WHILE the restaurant trade struggles to keep its head above water with special offers and cut-price menus, one sector of the business is doing very nicely thank you: the Chinese.
There are some 7,000 students from mainland China in the city, most flush with money thanks to a favourable exchange rate, and they have to eat. This is revitalising Chinese restaurants and encouraging others to spring up.
A few weeks ago I reported on the Mandar-Inn on London Road, with a radically new menu compared to what we have been used to. Now there’s another, the Orient Express on Glossop Road.
Ask bosses Kevin and Yedda Fung why they knocked on the door of what was K-Pasa and invited them to sell and they give the answer in two words: “the students.”
Indeed, most of the diners in the smart 60-cover eaterie were young Chinese but, as elsewhere, I notice they eat early and the later clientele is European. The students are off to swot, I suppose.
Apart from a Chinese mural on the end wall of this distinctive building – which features splendid curved windows – there is little Chinese décor. Walls are in bold, striking colours, chiefly red and white, while fleecy white clouds scud over a painted blue ceiling.
It’s a hangover from the previous owners and I gather the Fung family are fiercely divided whether to keep it. If they ask me, it stays!
The Orient Express may be the newest kid on the blog but its roots go right back.
The family had the Golden Dragon (now Wong Ting) on Matilda Street for 40 years and before that the Golden Tiger on London Road.
They can lay claim to opening the city’s first Chinese restaurant – café, really – after the First World War when a great grand daddy married an English girl and opened up the front room of their home to diners in Pitsmoor.
So, after a few years retirement from the restaurant game the Fungs are back – matriarch Susan gives advice – hoping that after the Golden Tiger and Golden Dragon, the Orient Express will be their golden egg.
We have never met so many smiling, beaming waiting staff, kitted out in sky blue shirts, although as I suspected, they had rumbled us.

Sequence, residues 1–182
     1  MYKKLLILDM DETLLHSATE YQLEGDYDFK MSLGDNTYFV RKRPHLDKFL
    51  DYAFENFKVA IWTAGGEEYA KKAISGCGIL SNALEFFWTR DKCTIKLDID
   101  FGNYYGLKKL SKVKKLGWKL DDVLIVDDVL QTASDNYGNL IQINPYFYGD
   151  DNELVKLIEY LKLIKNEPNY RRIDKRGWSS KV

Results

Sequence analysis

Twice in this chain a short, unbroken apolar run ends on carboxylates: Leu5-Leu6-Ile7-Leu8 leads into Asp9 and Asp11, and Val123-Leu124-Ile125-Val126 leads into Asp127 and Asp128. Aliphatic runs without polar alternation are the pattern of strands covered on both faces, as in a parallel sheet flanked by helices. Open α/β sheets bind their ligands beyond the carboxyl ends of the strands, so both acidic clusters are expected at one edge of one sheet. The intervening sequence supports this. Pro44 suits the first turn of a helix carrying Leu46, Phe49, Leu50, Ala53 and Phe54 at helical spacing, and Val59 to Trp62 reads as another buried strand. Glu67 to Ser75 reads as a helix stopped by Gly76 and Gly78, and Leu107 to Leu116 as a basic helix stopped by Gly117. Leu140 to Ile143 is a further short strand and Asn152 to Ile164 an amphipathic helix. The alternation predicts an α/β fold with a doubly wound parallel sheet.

The menu looks good with quite a few dishes not normally seen. As in all Chinese restaurants, the list is long but it’s divided into bite-sized sections of soups, starters, Cantonese favourites, noodles, ‘big plate’ rice dishes and, a feature here, clay pot cooking.
We opted for three starters. A hot and sour soup (£2.50) took me back to the ‘business lunches’ of the Sixties, a wonderfully gloopy affair with prawns, noodles and strips of dried fungus.
There were also crispy fried won tons (£3.50), wrapped around little nuggets of minced prawns, and mussels in black bean sauce (£3).
The mussels were green lipped, never my favourite. “A bit chewy but I love the sauce,” my wife said.
I had to try a hot pot (£7). This is a Cantonese speciality, with rice and other goodies baked in an earthenware pot like a small tagine. The rice at the bottom turns crispy.
I skipped the one involving spare ribs and chicken feet (although I have eaten the deep-fried tootsies), for the dried-cured duck and pork belly version, which they cure themselves.
At this point Kevin’s brother David had magically appeared at our table to explain it. “It’s like Parma ham. Not sliced very thin but the same texture,” he said.
You’re in for a bit of a chew but I loved the salty, fatty taste of the duck, which is cut on the bone. This means you get skin, flesh and bone in one mouthful but before you shudder think how easy it is to crunch the bones in that old favourite, crispy duck.
The pork belly, naturally, tasted a little bacony but there were slices of slightly fruity Chinese sausage to offset the other meats and half a salted duck egg.
“You’ve got Chinese bacon and egg,” observed my wife who thought the dish “lacked kerb appeal” for her.
Clay pot cooking tends to be dry so each pot comes with a smaller one of soy sauce to moisten the contents. What’s the betting a modification of this dish is taken up by some of the city’s more imaginative posh chefs?
We also had an intriguing Buddha vegetables (£6), a mix of slithery black fungus, some of the best fried tofu I’ve had (normally the texture defeats me), with water chestnuts, broccoli and crispy carrots.
Perhaps the most conventional was the sizzling chicken with ginger and spring onion (£7) but it could have been more gingery for our taste.
Chinese restaurants never do much in the way of sweets. Remember the tinned fruit with ‘E milk’ (evaporated milk) from the Sixties? Later you got an orange – still do in some places.
The Orient Express offers locally made Yee Kwan ice cream and sorbet in four flavours so we went through the card (£2.80 a two-scoop bowl).
With brown tea (£1.20) to drink, we paid £36.10.
290 Glossop Road, Sheffield S10 2HS.
Tel: 0114 272 8260.
Open daily 11.30am-11pm. Licensed. Disabled access and toilet. Credit cards. Music. Street parking.
My star ratings (out of five):